Myth: I can't foster because I have other pets
Fact: It is highly recommended (and required in some cases) that foster pets be isolated and kept separate, so your own pets will be away from them for the most part. We recommend isolating new foster pets for 1-2 weeks so they will have time to get healthy and to ensure they are not carrying illnesses that were not apparent when they were surrendered to the shelter.
Myth: I'm worried I will get too attached to my foster and won't be able to bring them back for adoption
Fact: Obviously your foster pet is the cutest animal in the world and deserves the best home possible. It will be hard to say goodbye, but know that pet will live a long and happy life because you fostered them in their time of need. Also, saying goodbye means you are making room for new foster pets!
Myth: I have a 9-5 job and don't have time to foster
Fact: Fostering some pets surprisingly requires little time during your busy day. Give them attention in the morning before work and spend quality time with them in the evening to make sure they are adjusting and doing well. Many pets are on daily medications which can also be given before and after work. Keep foster pets kenneled when you are away to keep them from getting into trouble.
Myth: I can't take on the financial responsibilty, I just don't have the money
Fact: CAP covers all basic medical care including spay/neuter, all vaccinations, microchipping, deworming, veterinary evaluations, x-rays, surgeries and bloodwork. If able, we can help provide food and supplies, but ask that you help with that as much as possible so we can provide our pets onsite with adequate supplies. CAP relies on donations for food and most supplies for ALL of our pets, any help you can privde is greatly appreciated.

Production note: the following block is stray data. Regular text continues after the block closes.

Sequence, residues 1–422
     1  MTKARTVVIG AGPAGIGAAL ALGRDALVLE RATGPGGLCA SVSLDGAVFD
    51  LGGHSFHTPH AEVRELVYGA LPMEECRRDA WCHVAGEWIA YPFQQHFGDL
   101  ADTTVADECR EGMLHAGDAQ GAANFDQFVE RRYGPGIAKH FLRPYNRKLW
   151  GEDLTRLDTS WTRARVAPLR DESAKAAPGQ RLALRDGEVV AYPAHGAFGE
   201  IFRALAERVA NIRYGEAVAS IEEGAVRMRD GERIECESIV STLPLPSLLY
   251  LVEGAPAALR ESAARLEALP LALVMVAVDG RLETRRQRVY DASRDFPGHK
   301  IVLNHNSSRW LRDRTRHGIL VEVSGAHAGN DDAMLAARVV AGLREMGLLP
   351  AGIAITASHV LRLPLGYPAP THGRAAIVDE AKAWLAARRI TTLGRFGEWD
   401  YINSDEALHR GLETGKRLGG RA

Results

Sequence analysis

Myth: I have children so I can't foster
Fact: You can certainly foster if you have children! With supervision, children have the opportunity to learn how to care for pets, play with them and socialize them. Just be sure that your children wash their hands before and after handling the foster pet. Also, keep in mind that if your child has a weakened immune system or is easily susceptible to communicable diseases, you may want to take extra precautions when they are interacting with your foster pets. Be responsible and only take foster pets that are friendly with children and never leave them unattended with each other.
"We fostered two underweight kittens. When we brought them back, the more outgoing one was adopted quickly, but the timid one got a URI, so we brought her home again. That time, she blossomed and became much more friendly, curious, and outgoing. When she was healthy and we brought her to CAP again, she was adopted quickly. They don't all rehabilitate at the same rate, and it was great to finally see her blossom."
"There is nothing more rewarding than nursing a dog through a health crisis and see that dog go to a loving home."
"… they kept growing and eventually discovered they could escape the tub. And once one puppy does it, they all do it. So I am taking out the stinky trash and I can hear the typical yips and woofs, but suddenly I hear the sound of 5 puppies feet stampeding down the hallway and into the living room. It was chaos, yet everyone was smiling. Luckily, I had a lobster dog toy to entice them back.
Corralling 5 puppies is not for the faint of heart."
Have a Pet to Surrender?
The CAP Foster Program does not admit animals directly from the public. All animals placed into the Foster Program must first be surrendered to the shelter, evaluated by shelter staff, and recommended for foster care by shelter management. Please do not contact the Foster Home Coordinators with surrender / intake inquiries. If you have found a needy animal please read further on how to surrender a pet to CAP on the Weekend Sponsor (intake) page.